[Viewpoint] China brings media elite togetherA three-day “media Olympics” opened in Beijing, China yesterday.
Hosted by China’s Xinhua News Agency, the World Media Summit (WMS) is attended by over 170 Chinese and foreign media organizations, including 132 foreign companies from 69 countries.
While last year’s Beijing Olympics was an international sporting festival, the WMS is a celebration of media around the world, with participation of many prestigious newspapers, magazines, wire services and radio and television broadcasters.
Participants include The New York Times, The Wall Street Journal, News Corporation, CNN, The Associated Press, NBC and Google from the United States, and BBC, the Financial Times and Reuters from the United Kingdom. NHK, the Nihon Keizai and Kyodo News from Japan are also attending.
Owners and presidents of the influential media around the world, including global media mogul Rupert Murdoch, have flown into Beijing to attend the event.
The JoongAng Ilbo and Yonhap News Agency were invited from Korea.
The event is garnering international attention for several reasons.
First of all, media integration has emerged as one of the most pressing questions faced today.
There was a time when media industries all over the world had separately operating newspaper, broadcasting, wire and publishing sectors. However, the World Media Summit brings together not just the newspapers, broadcasters and wire services but also the Internet media. The host clearly worked hard to reflect the trend of media convergence.
The summit put a heavy emphasis on the coexistence, competition, dependency and convergence of the traditional media and new media. Especially, it is unprecedented to include Google and other emerging Internet media in a gathering of prestigious mainstream media.
Having been blessed with information technology, Google’s presence is highly recognized as a member of the WMS Secretariat, which is composed of representatives from Xinhua, News Corporation, the BBC and The AP.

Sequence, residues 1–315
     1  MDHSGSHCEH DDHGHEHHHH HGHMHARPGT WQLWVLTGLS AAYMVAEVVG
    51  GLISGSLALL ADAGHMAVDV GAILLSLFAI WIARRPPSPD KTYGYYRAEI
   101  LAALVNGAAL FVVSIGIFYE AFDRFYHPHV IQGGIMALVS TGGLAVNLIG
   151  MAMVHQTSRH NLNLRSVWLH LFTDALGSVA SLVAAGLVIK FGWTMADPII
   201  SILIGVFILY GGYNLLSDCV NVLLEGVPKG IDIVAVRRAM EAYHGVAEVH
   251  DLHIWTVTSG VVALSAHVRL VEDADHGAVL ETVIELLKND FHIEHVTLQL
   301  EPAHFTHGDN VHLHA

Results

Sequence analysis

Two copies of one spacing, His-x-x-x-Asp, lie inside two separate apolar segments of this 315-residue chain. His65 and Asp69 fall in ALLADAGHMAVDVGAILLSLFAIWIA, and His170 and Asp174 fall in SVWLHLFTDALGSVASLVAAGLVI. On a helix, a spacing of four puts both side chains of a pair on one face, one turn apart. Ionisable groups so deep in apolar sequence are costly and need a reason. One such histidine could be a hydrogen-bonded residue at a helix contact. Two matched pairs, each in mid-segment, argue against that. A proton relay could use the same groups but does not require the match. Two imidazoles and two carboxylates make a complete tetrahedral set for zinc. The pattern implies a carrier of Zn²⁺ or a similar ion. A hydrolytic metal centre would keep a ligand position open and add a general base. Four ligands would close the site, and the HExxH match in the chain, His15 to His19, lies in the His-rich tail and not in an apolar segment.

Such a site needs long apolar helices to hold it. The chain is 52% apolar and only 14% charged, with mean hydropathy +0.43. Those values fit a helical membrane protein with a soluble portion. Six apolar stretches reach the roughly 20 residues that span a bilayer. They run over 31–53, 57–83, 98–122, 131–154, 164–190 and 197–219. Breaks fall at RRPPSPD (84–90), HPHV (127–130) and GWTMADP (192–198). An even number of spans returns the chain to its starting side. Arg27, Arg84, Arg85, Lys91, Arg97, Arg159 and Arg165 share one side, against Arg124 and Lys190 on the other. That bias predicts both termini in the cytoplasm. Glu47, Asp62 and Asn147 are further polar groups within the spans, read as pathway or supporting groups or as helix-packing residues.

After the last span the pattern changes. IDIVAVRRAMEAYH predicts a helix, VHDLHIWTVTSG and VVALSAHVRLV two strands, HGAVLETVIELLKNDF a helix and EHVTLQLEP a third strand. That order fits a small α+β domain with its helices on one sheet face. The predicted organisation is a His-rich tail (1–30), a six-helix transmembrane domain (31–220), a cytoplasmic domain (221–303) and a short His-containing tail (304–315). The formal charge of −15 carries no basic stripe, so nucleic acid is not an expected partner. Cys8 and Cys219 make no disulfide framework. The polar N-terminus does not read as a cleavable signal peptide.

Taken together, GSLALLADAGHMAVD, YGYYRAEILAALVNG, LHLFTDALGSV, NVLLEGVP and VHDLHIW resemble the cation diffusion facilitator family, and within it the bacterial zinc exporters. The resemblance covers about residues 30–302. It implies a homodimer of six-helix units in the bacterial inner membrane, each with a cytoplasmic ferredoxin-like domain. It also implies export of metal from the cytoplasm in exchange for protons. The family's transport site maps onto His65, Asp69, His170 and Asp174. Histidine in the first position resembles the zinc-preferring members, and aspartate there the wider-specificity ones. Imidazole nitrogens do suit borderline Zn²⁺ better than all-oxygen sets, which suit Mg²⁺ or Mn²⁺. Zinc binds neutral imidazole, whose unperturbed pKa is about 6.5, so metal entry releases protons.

It is also noteworthy that China is pursuing ambitious media reconstruction strategies by planning and hosting such a large-scale event.
In fact, China still remains a frontier on the worldwide media map, and its role has been focused as a consumer of news generated by the likes of CNN, the BBC and The AP.
China’s voice in the international community thus far has been limited.
However, China is gearing up step by step to play a leading role in the media industry based on its newly attained economic power and rapid development.
The move became more apparent after Chinese President Hu Jintao ordered in September 2008 that the country improve the globalization capacity of its media to suit China’s elevated status.
The Chinese government provided 45 billion RMB, about $6.6 billion, in subsidies to the major media.
The government broke off the network broadcasting monopoly of China Central Television (CCTV), the state television broadcaster in mainland China, and allowed the Xinhua News Agency to expand to a nationwide broadcasting channel.
The government gave an opportunity to a broadcasting company that was ready to expand and equipped with the necessary channels.
Moreover, the state-owned Shanghai Media Group (SMG) spun off its for-profit business and provided extensive financial assistance in order to develop a global media giant.
A quiet revolution is taking place in the global media industry. What will be the lesson for Korea to learn at this historic event?
*The writer is the Beijing correspondent of the JoongAng Ilbo.
by Chang Se-jeong